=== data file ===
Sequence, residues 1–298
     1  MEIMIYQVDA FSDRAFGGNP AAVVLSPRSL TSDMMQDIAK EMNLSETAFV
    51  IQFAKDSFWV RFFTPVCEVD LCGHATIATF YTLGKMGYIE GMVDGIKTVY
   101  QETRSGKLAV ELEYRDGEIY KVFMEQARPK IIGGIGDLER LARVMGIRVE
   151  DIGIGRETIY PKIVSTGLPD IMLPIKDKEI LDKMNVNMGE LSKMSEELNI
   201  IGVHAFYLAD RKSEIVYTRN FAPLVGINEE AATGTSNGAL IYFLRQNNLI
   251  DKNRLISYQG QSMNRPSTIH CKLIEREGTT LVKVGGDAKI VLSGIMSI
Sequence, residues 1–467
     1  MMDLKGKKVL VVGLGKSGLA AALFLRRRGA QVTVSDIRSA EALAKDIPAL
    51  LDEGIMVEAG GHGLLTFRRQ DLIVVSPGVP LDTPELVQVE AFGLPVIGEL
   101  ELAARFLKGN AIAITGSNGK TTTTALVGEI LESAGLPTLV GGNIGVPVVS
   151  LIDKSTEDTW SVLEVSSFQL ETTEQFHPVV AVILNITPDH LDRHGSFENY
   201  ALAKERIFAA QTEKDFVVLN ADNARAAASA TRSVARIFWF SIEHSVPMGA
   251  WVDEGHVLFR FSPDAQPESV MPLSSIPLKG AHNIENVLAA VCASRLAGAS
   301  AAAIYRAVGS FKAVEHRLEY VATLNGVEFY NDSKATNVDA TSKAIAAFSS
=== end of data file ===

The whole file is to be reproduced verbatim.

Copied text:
Sequence, residues 1–298
     1  MEIMIYQVDA FSDRAFGGNP AAVVLSPRSL TSDMMQDIAK EMNLSETAFV
    51  IQFAKDSFWV RFFTPVCEVD LCGHATIATF YTLGKMGYIE GMVDGIKTVY
   101  QETRSGKLAV ELEYRDGEIY KVFMEQARPK IIGGIGDLER LARVMGIRVE
   151  DIGIGRETIY PKIVSTGLPD IMLPIKDKEI LDKMNVNMGE LSKMSEELNI
   201  IGVHAFYLAD RKSEIVYTRN FAPLVGINEE AATGTSNGAL IYFLRQNNLI
   251  DKNRLISYQG QSMNRPSTIH CKLIEREGTT LVKVGGDAKI VLSGIMSI
Sequence, residues 1–467
     1  MMDLKGKKVL VVGLGKSGLA AALFLRRRGA QVTVSDIRSA EALAKDIPAL
    51  LDEGIMVEAG GHGLLTFRRQ DLIVVSPGVP LDTPELVQVE AFGLPVIGEL
   101  ELAARFLKGN AIAITGSNGK TTTTALVGEI LESAGLPTLV GGNIGVPVVS
   151  LIDKSTEDTW SVLEVSSFQL ETTEQFHPVV AVILNITPDH LDRHGSFENY
   201  ALAKERIFAA QTEKDFVVLN ADNARAAASA TRSVARIFWF SIEHSVPMGA
   251  WVDEGHVLFR FSPDAQPESV MPLSSIPLKG AHNIENVLAA VCASRLAGAS
   301  AAAIYRAVGS FKAVEHRLEY VATLNGVEFY NDSKATNVDA TSKAIAAFSS